I'm not an attorney, but the following is based on my over 10 years experience in the domain name business... * Domains are specically formatted alphanumeric labels (ie. often words) that point to an internet resource, such as a webserver.
* Domains in and of themselves are not intellectual property, but can be protected, if associated with a business, product, etc that involves intellectual property ... ie. a domain name that's the same as that of a TMed product.
* Domains are typically viewed as intangible property (accounting can be similar in many respects to stock investments). Virtual real estate is a simple layman's way to explain what domains are. * Domains themselves are entries in a various databases that are recognized / acted upon by computers throughout the internet.
Where a domain is phyically located is difficult to say ... though presumably one could logically conclude the location is the master registry ...
But that would likely be wrong ... it gets very tricky - while many people view a domain name as one unit, it actually consists of multiple parts ...
Ie. example.com ... "example" is the 2nd level part and "com" is the 1st level part (TLD) ... the TLD part is stored in a master database stored by IANA (ICANN) while the 2nd level part is stored in a master database by VeriSign, and most often also stored in a registrar database too.
In short, discussing where a domain name is phyically located is a nebulous topic with no simple answer.
* However, in regards to jurisdiction, things are a bit clearer ... typically, jurisdiction is determined by where the registrant and/or registrar are located.
While it's logical to assume where the registry is located would also matter, it often does not in regards to determining jurisdiction - so again to be clear, it's where the registrant (ie. you) and/or the registrar are located. * Domaining is typically consists of buying / selling domain names and/or earning revenues from passively "parking" domains.
* Selling a domain is typically accounted as a capital gain (rarely a loss); investment income.
While monies earned from parking, advertising, selling products, is typically considered regular income, which in many instances could be considered "self-employment".
Hope this helps.
Thanks a lot for the info. Really appreciated. Its a lot of insight.
While I did believe that earning money from parking would constitute 'self employment', investing in domain names itself should fall under 'investments' or rather, entrepreneurship (which is legal for a student on a visa in the US). I have no developed websites, nor do I plan to develop any (had thought about it, even got a hosting account and asked people here for help, then changed my plans.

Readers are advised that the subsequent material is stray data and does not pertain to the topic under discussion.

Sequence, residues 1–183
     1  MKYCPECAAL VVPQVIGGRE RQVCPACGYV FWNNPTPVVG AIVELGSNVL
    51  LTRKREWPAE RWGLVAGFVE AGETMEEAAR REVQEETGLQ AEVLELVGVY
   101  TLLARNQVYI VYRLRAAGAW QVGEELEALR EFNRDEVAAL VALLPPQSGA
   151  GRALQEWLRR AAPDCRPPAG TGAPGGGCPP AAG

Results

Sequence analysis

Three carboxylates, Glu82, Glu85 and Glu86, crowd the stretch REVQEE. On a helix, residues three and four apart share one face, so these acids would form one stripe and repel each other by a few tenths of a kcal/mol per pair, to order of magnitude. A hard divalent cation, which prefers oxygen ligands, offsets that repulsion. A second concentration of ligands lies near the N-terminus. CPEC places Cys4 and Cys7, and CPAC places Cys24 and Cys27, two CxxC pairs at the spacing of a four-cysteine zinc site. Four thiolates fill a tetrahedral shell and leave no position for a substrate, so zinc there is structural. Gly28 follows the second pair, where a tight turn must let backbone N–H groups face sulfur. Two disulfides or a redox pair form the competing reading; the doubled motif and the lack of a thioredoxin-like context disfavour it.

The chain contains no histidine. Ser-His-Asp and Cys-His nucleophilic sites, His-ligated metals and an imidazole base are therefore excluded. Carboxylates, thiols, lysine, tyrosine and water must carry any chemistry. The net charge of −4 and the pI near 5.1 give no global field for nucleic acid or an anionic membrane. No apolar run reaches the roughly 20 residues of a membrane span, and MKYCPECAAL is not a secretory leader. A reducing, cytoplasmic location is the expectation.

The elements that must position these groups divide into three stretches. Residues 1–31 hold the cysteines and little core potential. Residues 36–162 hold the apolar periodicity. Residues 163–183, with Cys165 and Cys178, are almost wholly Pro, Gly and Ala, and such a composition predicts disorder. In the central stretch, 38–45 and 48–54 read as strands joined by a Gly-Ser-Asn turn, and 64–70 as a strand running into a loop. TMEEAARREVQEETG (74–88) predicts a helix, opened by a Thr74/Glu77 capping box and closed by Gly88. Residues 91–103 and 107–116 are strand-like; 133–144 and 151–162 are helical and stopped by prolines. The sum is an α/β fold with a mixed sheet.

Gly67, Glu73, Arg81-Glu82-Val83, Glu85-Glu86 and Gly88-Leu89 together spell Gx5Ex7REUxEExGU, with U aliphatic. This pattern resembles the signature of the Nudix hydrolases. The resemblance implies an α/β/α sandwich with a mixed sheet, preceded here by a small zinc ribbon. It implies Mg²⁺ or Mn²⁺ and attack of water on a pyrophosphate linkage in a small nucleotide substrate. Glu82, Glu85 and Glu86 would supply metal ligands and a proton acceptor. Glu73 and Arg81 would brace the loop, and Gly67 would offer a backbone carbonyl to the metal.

I will see an immigration attorney with this info and see what he says. I don't plan to be in the US after I graduate, but until then, it would be hard to give up domaining...its just fun.....
I don't know why I don't find that a good idea. Probably my gut feeling...
INCORRECT..and dangerous to believe.
Domains are NOT an intangible property. They are contracts for intangible goods. Stocks are something you OWN...you have rights to X percent of a company. With a domain..you are under a contract which has no value in actuality. At any time the registry can remove your domain and NOT compensate you 1 cent. These contracts allow you use for a domain on a per year basis.
Reg fees, renewals, and purchases of other constracts are strict liabilities. When you sell a domain..it's a sale of your contract rights to another person. It's a capital gain. The contract themselves have no value.
This is really important that domainers understand this. If the government decides otherwise then they could certainly tax domains based on their value. However domains have ZERO value until sold. The contracts are themselves valueless. If I own asfgsdwqascvsdv.info or damage.com they have the same value...ZERO. If you earn parking revenue that's a simple income.
It's a bit confusing but domainers should be united in keeping domains from becoming property. We gain advantage of certain rights but ultimately smaller domainers will suffer from taxes. If domains become property then we must pay taxes on them as inventory even if they are not sold or earning money. That would be a nightmare forcing domainers to have their entire portfolio appraised at tax time, a near impossible task...
You make a good point about taxes, but your approach, in my view, comes with it's own pitfalls far worse...
If domains are valueless, then surely when a registrar purposedly or accidently deletes / takes / transfers a domain, their liability is zero?...
Umm, that doesn't square with reality ... all one need do is look at court rulings, such as Sex.com ... if the Sex.com domain was worth zero, as your approach would suggest, then NSI/VeriSign wouldn't have owed the true owner anything beyond the renewal amount paid for the domain (around $50/year back then) ... obviously, the reality, from what I recall, was quite different with NSI/VeriSign paying a substantial settlement.
Also, if domains are worthless, then what is the contract's underlying value based on then? ...
And on a related note, you speak of inventory ... domains held by registrants, in many instances, are not inventory.
But anyways, in my view, taxation of domains (well beyond the nominal ICANN fees) is not a threat anytime soon; the IRS so far has chosen to stay on the sidelines in regards to domain accounting methods ... local taxing authorities, in many places, lack the ability to tax domains even if they wanted to ... and states / congress is focused elsewhere in regards to taxation.
Interesting insights. Technically, domains have no value. Hypothetically, Sex.com is no more valuable than ao2xxlfjx.com. If I can find a buyer, I can, technically, sell a02xxlfjx.com for 10 million.